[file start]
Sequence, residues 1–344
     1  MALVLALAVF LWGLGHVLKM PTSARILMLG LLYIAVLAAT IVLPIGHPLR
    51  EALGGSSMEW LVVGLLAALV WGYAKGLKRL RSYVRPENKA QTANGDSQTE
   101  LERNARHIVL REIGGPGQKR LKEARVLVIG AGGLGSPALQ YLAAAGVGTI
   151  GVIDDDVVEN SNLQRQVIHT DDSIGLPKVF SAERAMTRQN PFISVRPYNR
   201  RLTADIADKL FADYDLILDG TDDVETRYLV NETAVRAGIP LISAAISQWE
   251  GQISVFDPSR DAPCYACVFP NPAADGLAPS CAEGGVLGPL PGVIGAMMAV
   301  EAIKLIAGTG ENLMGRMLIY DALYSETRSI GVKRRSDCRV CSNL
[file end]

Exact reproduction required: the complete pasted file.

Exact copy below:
Sequence, residues 1–344
     1  MALVLALAVF LWGLGHVLKM PTSARILMLG LLYIAVLAAT IVLPIGHPLR
    51  EALGGSSMEW LVVGLLAALV WGYAKGLKRL RSYVRPENKA QTANGDSQTE
   101  LERNARHIVL REIGGPGQKR LKEARVLVIG AGGLGSPALQ YLAAAGVGTI
   151  GVIDDDVVEN SNLQRQVIHT DDSIGLPKVF SAERAMTRQN PFISVRPYNR
   201  RLTADIADKL FADYDLILDG TDDVETRYLV NETAVRAGIP LISAAISQWE
   251  GQISVFDPSR DAPCYACVFP NPAADGLAPS CAEGGVLGPL PGVIGAMMAV
   301  EAIKLIAGTG ENLMGRMLIY DALYSETRSI GVKRRSDCRV CSNL